Mirpur: Australian chief coach Darren Lehmann made no bones about the fact that his team has produced "disappointing performance" in the ongoing World Twenty20 where they are virtually out of contention for a semi-finals berth.
"It's very much disappointing as we have had around 70 per cent success in all three formats coming into the tournament. We have enjoyed a good six months prior to this.
But this is a learning curve for the team. For a coach and the captain, it is both good and bad situation to be in," former Aussie left-hander Lehmann told the media prior to their third group league encounter against India.
"It's very much disappointing as we have had around 70 per cent success in all three formats coming into the tournament. We have enjoyed a good six months prior to this." Lehmann (Getty Images)
Since Lehmann's media interaction happened right after their nerve-wracking defeat against West Indies, the coach was more intent on answering questions regarding the defeat rather than their next match against India.
He was asked about Chris Gayle's 'Gangnam Dance' and the coach replied in a cocky manner, "If I could dance like Gayle, I would have danced my way all night!"
Lehmann was unhappy that his boys have lost matches from a potentially winning situation. But he does not think that it has got anything to do with sub-continental jinx.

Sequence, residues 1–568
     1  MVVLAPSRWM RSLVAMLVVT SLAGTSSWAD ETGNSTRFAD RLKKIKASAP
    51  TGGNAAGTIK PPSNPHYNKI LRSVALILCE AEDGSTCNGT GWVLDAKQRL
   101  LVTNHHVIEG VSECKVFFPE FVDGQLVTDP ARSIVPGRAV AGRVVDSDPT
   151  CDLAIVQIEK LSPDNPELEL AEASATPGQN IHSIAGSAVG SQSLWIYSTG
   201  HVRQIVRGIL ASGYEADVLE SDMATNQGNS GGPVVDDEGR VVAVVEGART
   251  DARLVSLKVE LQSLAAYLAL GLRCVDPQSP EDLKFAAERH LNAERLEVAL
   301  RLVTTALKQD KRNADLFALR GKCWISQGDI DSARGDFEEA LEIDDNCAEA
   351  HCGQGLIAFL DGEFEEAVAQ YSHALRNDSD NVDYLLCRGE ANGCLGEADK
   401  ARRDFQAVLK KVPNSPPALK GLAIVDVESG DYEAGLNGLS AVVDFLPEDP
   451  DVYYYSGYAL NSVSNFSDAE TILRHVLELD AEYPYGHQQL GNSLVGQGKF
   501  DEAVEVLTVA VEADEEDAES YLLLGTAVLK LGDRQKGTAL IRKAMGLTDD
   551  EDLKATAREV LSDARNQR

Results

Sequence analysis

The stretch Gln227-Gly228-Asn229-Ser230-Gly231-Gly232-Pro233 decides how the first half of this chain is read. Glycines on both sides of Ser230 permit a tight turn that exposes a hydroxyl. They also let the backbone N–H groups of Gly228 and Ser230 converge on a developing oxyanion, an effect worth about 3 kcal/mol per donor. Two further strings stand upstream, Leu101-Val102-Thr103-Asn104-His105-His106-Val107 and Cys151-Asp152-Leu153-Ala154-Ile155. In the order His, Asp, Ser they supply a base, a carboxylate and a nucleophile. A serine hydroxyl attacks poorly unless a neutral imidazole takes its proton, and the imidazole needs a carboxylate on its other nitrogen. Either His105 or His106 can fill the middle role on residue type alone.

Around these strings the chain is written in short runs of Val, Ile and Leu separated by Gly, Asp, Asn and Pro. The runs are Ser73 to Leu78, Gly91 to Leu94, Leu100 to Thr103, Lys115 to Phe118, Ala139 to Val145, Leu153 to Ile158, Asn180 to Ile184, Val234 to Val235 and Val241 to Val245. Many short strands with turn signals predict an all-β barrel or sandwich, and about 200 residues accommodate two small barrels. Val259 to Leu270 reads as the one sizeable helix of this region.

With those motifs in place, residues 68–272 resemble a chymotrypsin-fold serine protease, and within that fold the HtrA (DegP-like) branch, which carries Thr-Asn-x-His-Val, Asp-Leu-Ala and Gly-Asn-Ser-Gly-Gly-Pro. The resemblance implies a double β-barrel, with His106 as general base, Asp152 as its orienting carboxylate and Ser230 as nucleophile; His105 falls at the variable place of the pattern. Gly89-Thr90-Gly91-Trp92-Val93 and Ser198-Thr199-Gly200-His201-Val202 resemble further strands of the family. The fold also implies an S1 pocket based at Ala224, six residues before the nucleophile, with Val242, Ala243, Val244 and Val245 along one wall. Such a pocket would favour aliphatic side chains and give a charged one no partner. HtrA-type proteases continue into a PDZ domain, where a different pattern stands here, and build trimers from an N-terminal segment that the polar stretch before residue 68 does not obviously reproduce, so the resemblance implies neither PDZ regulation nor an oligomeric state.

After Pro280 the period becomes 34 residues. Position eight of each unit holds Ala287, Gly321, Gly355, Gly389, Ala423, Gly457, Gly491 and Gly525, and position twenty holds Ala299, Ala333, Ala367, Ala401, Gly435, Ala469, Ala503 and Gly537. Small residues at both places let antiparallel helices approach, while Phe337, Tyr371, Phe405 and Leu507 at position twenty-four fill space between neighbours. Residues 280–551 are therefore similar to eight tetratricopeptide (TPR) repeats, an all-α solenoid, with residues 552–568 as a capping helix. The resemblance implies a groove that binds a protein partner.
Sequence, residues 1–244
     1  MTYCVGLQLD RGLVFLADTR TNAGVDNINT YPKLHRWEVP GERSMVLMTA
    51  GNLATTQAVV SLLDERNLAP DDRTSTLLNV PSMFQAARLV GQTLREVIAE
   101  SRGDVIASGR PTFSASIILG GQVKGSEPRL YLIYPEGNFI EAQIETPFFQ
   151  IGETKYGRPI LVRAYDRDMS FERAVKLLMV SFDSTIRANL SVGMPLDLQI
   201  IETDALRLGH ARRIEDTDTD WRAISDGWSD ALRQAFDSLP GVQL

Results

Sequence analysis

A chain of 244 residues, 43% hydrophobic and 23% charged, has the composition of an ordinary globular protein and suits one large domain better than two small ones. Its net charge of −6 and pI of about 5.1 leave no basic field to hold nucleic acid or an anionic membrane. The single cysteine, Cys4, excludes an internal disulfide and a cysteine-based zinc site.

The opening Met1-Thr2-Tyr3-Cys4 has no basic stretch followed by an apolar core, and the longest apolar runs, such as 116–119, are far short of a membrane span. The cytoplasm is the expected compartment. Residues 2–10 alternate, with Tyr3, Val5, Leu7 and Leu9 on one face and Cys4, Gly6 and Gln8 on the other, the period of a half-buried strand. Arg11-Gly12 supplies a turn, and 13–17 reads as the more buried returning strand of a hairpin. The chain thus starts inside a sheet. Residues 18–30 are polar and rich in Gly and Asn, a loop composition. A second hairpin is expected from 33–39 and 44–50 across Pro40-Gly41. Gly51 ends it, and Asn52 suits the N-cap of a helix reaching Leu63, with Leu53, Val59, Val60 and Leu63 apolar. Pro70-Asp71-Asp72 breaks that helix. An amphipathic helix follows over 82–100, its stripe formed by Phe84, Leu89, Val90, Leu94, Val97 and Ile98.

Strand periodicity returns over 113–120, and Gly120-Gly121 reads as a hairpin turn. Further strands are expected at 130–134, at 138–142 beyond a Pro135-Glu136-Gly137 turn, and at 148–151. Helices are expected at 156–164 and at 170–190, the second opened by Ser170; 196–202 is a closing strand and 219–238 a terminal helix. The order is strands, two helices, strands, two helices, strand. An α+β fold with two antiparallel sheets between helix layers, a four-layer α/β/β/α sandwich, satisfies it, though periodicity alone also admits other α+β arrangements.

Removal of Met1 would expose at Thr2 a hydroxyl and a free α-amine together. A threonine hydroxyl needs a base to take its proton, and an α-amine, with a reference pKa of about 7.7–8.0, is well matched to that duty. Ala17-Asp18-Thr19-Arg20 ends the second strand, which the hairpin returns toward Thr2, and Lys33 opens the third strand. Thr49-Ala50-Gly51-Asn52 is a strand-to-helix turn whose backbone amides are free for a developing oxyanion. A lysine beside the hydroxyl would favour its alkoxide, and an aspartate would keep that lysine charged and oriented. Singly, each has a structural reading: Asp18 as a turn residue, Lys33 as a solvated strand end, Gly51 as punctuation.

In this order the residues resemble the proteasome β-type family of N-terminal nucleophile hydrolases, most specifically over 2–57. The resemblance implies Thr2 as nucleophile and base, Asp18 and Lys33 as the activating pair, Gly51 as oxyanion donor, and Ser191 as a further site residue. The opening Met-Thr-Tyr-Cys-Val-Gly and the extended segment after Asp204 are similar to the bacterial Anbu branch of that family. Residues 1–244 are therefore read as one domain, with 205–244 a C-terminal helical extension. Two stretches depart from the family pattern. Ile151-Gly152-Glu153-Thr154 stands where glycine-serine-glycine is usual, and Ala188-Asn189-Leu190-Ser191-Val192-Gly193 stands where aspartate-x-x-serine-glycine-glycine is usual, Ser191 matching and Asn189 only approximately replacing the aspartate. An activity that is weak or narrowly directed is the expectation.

"We have beaten ourselves in the two games! In the first match, we needed 75 off 10 overs with eight wickets in hand and we lost. I think our match-winning skills in this format needs to improve," Lehmann said.
On the India game, Lehmann said that the experience of the seven-match series in the sub-continent last year will come in handy.
"We have been lucky enough to play decent amount of ODI cricket against them in India last year. They also know us well and we also know them well."
According to the 44-year-old, the "pitch didn't offer much turn".
Although he did not give a definite reply but Lehmann said that he will consider the option of playing Cameron White and Dan Christian, who have so far warmed the benches in the tournament.
The coach also backed veteran glovesman Brad Haddin, who has had an indifferent tournament both with the bat and also behind the stumps.
"Brad would be disappointed with his own form but he is a fantastic player. I believe he has a lot of cricket left in him. He has a job to do and that is to play a lot of cricket," the coach said.
When asked what is the role of a coach in these teams, whether to "teach" or just concentrate on devising winning strategies, Lehmann smiled and said, "It's a bit of both.
Trying to teach but also trying to win. Because if you don't win, then you get the boot," he concluded.